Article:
Author: Hubbard, L. R.
Document date: 1951, 9 July
Document title: MEST Processing
Document type: lecture transcript
Event: Professional Course Lectures
Location: Wichita, Kansas
Document ID: 5107C09C
Description: Hubbard lectures on "the history of what they laughingly used to call psychotherapy," mentioning shock treatment, hypnotism, narcosynthesis, brain operations, psychoanalysis, nondirective therapy, General Semantics, Dianetics and MEST processing.
Let’s go into the history of what they laughingly used to call psychotherapy. The first thing that man came up with in this line that was really effective was shock treatment and hypnotism. These are the oldest varieties –sedation, narcosynthesis, shock and, at about the same time, brain operations. These are about two thousand years old. They are still with us; there is still a strata carrying them forward because there has not been anything up to this time to substitute for them. Man tried in psychotherapy to control something. His whole object was control. For instance, a girl runs around, she gets mad and she threatens her mother with a butcher knife, so the family rushes her down to court; a psychiatrist is called in and he says, “I’ll cure all that with a prefrontal lobotomy, then you can handle her.” Never does he say “We’ll make her sane.” He says, “You can handle her”–control.
This graduated in its cycle to a little higher level: education, an effort to educate people one way or the other–for instance, psychoanalysis, social behavior codes, enforced ethics codes and soon, trying to teach people to be sane. That didn’t work either. It is a funny thing, but the more laws that are passed, the crazier people get. For example, take Prohibition.
The next line of advance in the field of psychotherapy was permissive or nondirective therapy. Child upbringing, for instance, got along on the line of complete non direction with regard to the child. Let the child come in and smash all the Ming vases in the house, and lie down on the floor when you are trying to have an evening of bridge and scream and so forth, and you just say, “Yes, Reginald.” Don’t do anything spare the rod and that sort of thing. There was no training involved.
A higher echelon came along than this, and this was the fourth level: semantics, a study of language and an effort to make language sane enough so people learning language and using language could be sane. This was General Semantics. There was also an effort there to keep from identifying one piece of space with another piece of space, one time with another time, the name with the object and the object with the title, and so on. That was very worthwhile work. This was getting up into a level that was starting to pay off.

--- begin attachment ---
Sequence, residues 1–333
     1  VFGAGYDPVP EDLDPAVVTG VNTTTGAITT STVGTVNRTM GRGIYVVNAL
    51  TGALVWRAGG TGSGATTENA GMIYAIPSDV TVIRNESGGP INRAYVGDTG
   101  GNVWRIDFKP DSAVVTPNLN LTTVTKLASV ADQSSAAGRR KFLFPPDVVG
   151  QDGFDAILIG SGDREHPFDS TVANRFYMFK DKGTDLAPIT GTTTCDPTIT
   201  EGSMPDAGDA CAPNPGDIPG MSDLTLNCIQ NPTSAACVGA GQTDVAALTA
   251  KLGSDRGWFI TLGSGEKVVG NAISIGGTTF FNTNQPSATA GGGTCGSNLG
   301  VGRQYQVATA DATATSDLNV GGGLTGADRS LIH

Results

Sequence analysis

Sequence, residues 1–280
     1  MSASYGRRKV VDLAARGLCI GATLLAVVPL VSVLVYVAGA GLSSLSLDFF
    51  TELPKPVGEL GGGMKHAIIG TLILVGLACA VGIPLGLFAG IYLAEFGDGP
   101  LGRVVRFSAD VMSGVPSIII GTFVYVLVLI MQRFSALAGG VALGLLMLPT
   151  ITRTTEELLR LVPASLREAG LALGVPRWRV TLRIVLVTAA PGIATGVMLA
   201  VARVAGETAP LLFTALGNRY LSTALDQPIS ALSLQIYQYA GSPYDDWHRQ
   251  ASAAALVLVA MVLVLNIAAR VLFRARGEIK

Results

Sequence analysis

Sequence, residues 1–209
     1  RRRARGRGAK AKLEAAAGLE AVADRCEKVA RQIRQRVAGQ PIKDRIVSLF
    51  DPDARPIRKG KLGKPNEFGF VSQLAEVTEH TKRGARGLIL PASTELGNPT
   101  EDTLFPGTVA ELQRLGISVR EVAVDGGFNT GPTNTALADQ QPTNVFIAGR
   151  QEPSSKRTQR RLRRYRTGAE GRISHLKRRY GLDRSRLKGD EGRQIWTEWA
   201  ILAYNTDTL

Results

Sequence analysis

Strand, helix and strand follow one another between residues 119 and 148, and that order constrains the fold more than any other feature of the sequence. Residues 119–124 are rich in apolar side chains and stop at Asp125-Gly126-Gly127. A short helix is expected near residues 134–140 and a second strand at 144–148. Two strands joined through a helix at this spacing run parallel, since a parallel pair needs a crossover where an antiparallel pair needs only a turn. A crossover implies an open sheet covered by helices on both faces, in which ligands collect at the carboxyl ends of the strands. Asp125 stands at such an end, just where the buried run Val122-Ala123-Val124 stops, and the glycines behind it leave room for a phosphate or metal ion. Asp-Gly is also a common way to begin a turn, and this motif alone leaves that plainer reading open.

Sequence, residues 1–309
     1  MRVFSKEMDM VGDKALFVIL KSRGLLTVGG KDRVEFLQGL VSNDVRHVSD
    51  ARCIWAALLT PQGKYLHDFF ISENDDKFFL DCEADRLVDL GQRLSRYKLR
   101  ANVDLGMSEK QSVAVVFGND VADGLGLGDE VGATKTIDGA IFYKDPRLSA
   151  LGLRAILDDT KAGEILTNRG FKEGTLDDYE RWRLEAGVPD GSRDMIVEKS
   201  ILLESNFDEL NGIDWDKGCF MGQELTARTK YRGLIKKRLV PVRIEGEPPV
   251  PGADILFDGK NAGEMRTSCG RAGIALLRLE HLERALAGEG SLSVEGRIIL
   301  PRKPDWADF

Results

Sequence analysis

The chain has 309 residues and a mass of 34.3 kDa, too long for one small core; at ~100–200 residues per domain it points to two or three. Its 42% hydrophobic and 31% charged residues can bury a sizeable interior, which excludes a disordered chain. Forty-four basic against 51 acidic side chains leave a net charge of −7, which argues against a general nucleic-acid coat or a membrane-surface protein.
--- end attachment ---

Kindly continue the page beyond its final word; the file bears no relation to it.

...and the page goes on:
The next advance was Dianetics, by a perceptive contact of engrams. We made a big jump. We said, “Let’s attack this entheta and get it out of there and run it out,” and we found out that this was successful. We can do something very specific and positive.
And the sixth level is MEST1 Processing. The reason MEST Processing suddenly occupies this echelon is a very simple one: All of a sudden we have dived below the effectiveness of language. We declare herein that we have been validating language as being aberrative. True enough, language has its aberrative factors. True enough, glanced at, looked over and so forth, language is aberrative. It is certainly insane enough. Trying to communicate with English or Chinese or something or other, trying to give somebody a symbol that stands for a thing and so on can be highly aberrative. There are all the homonymic characteristics of language, like threw and through–”He threw the cat” and “He through the cat”–and the reactive mind has a glorious time with this. “He rowed a horse” makes perfectly good sense to the reactive mind! So something desperate had to be done about language. We have been running it out as perceptics and locks and so forth. In MEST Processing, we immediately go into the strata underlying language and process there. We are not processing language.
Hubbard, L. R. (1951, 9 July). MEST Processing. Professional Course Lectures, (5107C09C). Lecture conducted from Wichita, Kansas.